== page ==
When you read the report "Call to Action: Safeguarding the Integrity of Healthcare Quality and Safety Systems," it soon becomes apparent there are far too many thugs running the nation's hospitals, men and women in white coats and expensive suits who pledge allegiance to hypocrisy rather than the Hippocratic oath.
The report, released last month by the National Association for Healthcare Quality, discusses behavior in hospitals that smacks more of intimidating mob goons breaking kneecaps than practitioners tirelessly trying to save lives.
Consider: "As attention to creating a culture of safety in health care organizations has increased, so have concomitant reports of retaliation and intimidation targeting staff who voice concern about safety and quality deficiencies."
No, the report doesn't reveal that a doctor had his legs broken after complaining that a surgeon on staff really was a butcher. But it does offer many nauseating insights into how too many hospitals really work, including this from a hospital staffer:
"The hospital's most profitable surgeon had complication and mortality rates two to three times the national average. I was asked to resign after repeated attempts to get administration to address the issue."
That kind of retaliation for expressed safety concerns makes it easy to understand why the carnage in hospitals continues since the 1999 landmark Institute of Medicine report, which estimated that as many as 100,000 people die each year in the nation's hospitals as a result of preventable errors. Some experts now believe the number is much higher.
A January report from the Department of Health and Human Services' Office of Inspector General makes it clear intimidation works ---- nearly 90 percent of harmful inpatient adverse events, including those dealing with death and permanent disability, were not captured by hospital reporting systems in the study of 780 randomly sampled Medicare patients' hospital stays.
Results of a federal survey released in February revealed that 54 percent of 600,000 hospital staff members at 1,100 hospitals think that when an adverse event is reported "it feels like the person (reporting it) is being written up, not the problem."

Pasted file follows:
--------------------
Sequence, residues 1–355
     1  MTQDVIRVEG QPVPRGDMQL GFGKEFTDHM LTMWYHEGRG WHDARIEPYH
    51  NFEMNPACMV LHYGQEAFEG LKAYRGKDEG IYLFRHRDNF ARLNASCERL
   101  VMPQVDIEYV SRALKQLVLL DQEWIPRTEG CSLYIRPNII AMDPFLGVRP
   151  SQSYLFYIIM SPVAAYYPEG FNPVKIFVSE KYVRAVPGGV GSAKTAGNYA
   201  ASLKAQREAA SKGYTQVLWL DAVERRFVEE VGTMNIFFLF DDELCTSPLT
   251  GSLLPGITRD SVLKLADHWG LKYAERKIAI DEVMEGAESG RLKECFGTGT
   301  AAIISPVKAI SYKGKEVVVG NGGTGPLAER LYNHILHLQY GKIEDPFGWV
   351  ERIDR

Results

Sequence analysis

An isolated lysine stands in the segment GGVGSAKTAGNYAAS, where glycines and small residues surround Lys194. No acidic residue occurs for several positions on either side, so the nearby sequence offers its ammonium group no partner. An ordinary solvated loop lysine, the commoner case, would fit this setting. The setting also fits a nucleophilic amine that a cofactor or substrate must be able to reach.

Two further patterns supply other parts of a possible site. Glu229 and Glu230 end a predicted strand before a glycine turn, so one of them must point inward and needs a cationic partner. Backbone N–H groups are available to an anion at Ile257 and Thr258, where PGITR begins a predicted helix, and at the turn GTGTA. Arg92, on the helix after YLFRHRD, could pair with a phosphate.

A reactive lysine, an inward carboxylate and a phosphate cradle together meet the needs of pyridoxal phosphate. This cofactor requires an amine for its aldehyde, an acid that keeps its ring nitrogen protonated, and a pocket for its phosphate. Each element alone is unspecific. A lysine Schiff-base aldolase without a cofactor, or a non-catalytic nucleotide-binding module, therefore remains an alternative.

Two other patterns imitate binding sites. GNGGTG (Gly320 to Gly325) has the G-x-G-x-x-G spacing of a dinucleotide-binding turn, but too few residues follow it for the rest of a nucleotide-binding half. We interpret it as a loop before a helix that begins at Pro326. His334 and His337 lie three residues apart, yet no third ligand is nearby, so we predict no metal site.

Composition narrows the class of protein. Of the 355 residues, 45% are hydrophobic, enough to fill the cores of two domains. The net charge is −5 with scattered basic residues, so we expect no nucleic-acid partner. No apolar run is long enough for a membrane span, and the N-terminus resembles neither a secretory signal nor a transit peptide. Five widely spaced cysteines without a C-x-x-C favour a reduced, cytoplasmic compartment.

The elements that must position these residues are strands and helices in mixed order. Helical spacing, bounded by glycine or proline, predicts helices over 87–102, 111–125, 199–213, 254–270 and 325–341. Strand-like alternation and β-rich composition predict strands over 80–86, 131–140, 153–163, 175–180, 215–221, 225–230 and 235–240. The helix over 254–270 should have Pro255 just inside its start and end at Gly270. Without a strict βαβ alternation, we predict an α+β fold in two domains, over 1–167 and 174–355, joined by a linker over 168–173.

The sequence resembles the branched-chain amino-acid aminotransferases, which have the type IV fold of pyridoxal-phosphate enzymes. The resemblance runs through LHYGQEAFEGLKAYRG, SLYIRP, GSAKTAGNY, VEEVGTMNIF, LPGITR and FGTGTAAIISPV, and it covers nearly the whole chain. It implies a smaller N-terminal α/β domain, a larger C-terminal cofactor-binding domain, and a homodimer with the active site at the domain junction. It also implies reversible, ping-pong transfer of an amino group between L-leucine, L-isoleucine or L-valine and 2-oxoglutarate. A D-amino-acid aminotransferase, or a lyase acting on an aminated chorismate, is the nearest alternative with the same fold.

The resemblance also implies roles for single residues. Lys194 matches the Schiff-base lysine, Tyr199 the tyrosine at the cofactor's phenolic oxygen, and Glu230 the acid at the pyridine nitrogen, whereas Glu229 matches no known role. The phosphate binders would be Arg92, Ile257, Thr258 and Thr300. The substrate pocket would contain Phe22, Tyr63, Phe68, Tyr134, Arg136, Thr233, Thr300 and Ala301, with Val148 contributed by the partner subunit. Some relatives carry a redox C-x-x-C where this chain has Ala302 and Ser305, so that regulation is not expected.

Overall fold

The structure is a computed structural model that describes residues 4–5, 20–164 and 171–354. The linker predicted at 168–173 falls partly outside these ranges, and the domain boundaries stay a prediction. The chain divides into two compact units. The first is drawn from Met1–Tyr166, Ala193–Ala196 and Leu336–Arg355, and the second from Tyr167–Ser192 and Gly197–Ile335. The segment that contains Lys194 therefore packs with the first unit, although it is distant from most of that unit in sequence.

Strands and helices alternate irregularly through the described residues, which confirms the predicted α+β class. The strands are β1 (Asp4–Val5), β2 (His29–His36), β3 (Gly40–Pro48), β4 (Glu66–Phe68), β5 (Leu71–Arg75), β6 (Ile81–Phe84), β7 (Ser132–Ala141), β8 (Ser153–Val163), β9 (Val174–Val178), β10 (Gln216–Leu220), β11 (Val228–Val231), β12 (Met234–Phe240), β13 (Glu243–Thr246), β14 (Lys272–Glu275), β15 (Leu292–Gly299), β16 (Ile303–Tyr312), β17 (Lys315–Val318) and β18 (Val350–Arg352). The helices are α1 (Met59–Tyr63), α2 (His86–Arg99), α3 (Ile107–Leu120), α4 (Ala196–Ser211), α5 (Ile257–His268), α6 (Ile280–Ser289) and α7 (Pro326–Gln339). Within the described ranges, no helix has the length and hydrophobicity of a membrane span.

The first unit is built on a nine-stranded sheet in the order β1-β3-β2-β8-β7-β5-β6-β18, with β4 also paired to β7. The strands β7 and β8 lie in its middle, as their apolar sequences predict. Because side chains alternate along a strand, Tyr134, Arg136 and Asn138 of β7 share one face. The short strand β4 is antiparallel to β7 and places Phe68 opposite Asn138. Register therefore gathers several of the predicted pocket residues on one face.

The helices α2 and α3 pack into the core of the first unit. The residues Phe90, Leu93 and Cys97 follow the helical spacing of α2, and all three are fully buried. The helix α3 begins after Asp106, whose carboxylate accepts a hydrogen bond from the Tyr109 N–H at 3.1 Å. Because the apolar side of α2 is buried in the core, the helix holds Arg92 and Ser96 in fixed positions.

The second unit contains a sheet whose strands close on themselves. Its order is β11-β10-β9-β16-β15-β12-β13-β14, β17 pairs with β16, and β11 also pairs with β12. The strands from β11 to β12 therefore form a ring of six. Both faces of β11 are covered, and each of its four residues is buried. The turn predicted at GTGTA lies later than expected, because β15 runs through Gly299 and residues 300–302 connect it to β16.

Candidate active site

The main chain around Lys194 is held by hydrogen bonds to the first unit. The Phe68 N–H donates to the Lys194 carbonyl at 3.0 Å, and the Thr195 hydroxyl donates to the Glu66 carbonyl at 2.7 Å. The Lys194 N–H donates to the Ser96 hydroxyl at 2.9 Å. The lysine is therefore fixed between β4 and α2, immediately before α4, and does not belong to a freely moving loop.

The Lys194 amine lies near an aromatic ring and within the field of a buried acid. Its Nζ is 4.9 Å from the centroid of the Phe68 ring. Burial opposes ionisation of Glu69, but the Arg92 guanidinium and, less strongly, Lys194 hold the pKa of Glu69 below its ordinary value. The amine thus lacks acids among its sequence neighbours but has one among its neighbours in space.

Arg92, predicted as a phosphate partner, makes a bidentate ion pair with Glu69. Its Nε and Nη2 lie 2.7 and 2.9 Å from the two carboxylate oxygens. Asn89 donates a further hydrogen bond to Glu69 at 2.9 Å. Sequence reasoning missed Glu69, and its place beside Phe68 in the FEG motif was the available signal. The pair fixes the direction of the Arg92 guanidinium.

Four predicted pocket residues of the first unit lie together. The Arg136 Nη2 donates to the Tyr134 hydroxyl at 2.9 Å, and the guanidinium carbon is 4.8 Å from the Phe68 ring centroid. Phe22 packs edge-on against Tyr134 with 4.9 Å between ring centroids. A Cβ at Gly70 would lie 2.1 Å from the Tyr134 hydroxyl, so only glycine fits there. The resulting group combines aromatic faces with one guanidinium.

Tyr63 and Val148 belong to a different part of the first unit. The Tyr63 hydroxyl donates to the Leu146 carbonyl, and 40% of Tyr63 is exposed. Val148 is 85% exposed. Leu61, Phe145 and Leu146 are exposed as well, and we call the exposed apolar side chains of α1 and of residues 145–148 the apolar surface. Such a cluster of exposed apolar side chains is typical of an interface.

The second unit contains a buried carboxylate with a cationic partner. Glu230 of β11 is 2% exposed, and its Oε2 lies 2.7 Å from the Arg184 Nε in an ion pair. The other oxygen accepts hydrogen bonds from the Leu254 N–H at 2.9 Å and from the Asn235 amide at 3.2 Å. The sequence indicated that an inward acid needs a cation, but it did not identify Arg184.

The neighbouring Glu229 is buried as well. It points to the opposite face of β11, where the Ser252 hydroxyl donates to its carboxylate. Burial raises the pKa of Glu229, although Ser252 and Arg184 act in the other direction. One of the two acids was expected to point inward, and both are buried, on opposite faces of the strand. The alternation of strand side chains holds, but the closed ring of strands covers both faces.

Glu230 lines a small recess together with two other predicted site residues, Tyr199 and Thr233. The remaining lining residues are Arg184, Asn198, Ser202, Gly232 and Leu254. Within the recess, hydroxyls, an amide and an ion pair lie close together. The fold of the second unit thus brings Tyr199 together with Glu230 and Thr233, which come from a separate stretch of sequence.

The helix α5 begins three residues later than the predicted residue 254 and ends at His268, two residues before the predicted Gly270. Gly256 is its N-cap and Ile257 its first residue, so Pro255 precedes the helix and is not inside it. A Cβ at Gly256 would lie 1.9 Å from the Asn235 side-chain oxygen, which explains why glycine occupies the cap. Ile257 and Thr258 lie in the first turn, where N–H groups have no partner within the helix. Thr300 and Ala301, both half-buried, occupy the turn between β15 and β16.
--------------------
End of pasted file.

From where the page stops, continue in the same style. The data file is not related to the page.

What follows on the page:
As is generally the case with health care studies that reveal essentially premeditated criminal behavior, the "Call to Action" report pleads with leaders of health care organizations only to do the right thing "and assure accountability."
You can bet this plea will have the same results as every other one: nothing.
It is well past time to drag the arrogant, amoral thugs running health care organizations into criminal courts and to honor, not punish whistle-blowers, or rather lifesavers. If, for example, hospital executives know they have a butcher cutting on people and do nothing about it, that amounts to failing to provide care "as is reasonable and necessary to maintain the health or safety of a patient" under Nevada statutes dealing with criminal neglect of patients.
Mary Berkheiser, a professor at the University of Nevada, Las Vegas' Boyd School of Law, says prosecutors can use the law.
The same statute could be used for hospital-acquired infections, particularly when you consider that a health care watchdog organization found that 65 percent of hospitals do not have recommended policies in place to prevent common infections and 75 percent do not meet the standards for 13 safety practices, beginning with hand washing.
Again, we're talking about premeditated behavior by health care executives creating a problem ---- potentially lethal infections ---- either in the name of saving, or making money. Surely this is criminal neglect of patients under Nevada law, where "the consequences of the negligent act or omission could have reasonably been foreseen."
Joseph Perz, a Centers for Disease Control and Prevention researcher who worked on the hepatitis C outbreak in Las Vegas, told me more liberal use of criminal laws should be studied in health care: "There's a certain potential benefit upfront letting providers know they are on notice."
You bet there is. Once they know premeditated negligence will lead them to the slammer and fears of rape instead of a bonus and gin and tonics at the country club, they'll do far more justice to the tenets of the Hippocratic oath: First do no harm.
Paul Harasim is the medical reporter for the Las Vegas Review-Journal. His column appears Mondays. Harasim can be reached at firstname.lastname@example.org or 702-387-2908.